Drowning the Crescent City: Told stories of Katrina

Luis Mirón*, Robert Ward

*Corresponding author for this work

Research output: Contribution to journalArticlepeer-review

6 Scopus citations


This article reviews secondary sources on the possible causes of the devastation in New Orleans resulting from Hurricane Katrina. These sources include newspaper accounts, radio and television interviews, government documents, and extensive historical chronicles of the aftermath of Katrina. The authors examine the consequences of policy action (or inaction) at all levels of government with respect to preparedness for evacuation. Using readily available online archival sources, the authors probe the interwoven complexity of the social structures of class, race, and age, together with the everyday lived experience of poor African American and elderly residents, to critically examine the question "what happened and why?" The article concludes with an examination of the legacies of racism and class inequality that are both socially reproduced in Katrina and, if not given keen attention by policy makers and other leaders, may foretell a similar disaster in the future.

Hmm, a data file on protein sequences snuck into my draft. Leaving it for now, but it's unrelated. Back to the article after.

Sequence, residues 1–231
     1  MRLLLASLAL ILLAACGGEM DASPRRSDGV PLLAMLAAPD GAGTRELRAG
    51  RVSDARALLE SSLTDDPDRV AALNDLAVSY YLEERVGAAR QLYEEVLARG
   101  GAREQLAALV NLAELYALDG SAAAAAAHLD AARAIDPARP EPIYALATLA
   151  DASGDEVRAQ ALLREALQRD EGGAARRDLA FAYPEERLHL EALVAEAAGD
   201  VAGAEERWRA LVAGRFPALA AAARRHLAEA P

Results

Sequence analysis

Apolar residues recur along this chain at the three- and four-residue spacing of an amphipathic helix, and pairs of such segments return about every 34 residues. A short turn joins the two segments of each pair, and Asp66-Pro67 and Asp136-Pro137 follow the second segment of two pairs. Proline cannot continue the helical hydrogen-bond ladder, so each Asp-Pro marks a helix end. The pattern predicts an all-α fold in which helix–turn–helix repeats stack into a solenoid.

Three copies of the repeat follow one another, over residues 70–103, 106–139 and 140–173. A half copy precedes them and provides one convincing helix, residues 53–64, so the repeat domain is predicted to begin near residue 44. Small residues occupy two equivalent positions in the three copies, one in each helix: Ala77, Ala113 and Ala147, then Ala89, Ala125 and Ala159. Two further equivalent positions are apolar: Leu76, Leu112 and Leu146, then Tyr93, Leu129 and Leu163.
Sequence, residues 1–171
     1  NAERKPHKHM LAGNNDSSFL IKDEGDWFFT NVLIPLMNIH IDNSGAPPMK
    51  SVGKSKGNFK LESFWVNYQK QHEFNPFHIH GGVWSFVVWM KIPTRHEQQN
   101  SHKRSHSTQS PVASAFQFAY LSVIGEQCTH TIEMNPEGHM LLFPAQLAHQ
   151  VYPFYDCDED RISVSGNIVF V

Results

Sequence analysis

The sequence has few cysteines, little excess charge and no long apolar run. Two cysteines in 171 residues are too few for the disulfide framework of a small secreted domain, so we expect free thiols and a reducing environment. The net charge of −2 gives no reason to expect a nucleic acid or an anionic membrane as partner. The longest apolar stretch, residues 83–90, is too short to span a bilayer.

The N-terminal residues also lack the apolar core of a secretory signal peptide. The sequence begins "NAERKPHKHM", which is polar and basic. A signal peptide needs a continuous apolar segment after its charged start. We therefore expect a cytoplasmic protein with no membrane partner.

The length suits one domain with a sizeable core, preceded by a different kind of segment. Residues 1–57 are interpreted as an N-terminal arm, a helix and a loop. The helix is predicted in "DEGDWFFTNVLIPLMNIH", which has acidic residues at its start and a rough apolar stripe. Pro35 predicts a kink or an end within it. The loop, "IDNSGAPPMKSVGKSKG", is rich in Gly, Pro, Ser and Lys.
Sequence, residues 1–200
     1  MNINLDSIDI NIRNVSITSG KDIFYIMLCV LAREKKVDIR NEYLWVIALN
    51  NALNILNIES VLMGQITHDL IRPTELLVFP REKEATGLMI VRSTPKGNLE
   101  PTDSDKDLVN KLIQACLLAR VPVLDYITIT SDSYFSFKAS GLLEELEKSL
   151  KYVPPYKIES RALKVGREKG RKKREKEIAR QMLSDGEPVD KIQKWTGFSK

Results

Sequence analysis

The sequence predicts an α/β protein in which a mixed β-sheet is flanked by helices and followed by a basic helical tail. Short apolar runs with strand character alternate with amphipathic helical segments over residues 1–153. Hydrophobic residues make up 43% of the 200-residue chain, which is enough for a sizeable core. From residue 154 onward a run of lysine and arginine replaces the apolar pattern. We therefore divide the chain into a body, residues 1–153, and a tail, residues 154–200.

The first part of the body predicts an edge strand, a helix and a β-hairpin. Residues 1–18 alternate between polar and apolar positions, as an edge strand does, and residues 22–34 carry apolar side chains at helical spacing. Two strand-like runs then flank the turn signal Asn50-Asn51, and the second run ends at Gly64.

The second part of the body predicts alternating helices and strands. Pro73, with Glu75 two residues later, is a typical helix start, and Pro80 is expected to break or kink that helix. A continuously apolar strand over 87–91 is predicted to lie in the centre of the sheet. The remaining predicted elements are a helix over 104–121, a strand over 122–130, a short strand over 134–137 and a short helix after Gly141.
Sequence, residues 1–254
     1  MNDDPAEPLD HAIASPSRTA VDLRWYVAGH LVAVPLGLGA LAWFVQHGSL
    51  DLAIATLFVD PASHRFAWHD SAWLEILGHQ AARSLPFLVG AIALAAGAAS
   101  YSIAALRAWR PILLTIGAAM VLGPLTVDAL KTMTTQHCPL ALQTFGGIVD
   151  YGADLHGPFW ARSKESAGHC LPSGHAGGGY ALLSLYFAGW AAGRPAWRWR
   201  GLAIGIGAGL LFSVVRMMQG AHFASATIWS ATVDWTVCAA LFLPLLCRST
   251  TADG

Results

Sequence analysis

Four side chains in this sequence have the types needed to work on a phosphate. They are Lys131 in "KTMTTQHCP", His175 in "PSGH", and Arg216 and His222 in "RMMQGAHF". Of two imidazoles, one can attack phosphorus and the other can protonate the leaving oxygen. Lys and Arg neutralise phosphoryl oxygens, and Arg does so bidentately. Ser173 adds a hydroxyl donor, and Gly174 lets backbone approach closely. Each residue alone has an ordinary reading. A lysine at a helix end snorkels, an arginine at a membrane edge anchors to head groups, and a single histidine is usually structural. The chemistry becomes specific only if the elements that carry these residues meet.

Original languageEnglish (US)
Pages (from-to)154-168
Number of pages15
JournalCultural Studies - Critical Methodologies
Issue number2
StatePublished - 2007
Externally publishedYes


  • Class inequality
  • Hurricane Katrina
  • Public policy
  • Racism

ASJC Scopus subject areas

  • Cultural Studies
  • Arts and Humanities (miscellaneous)


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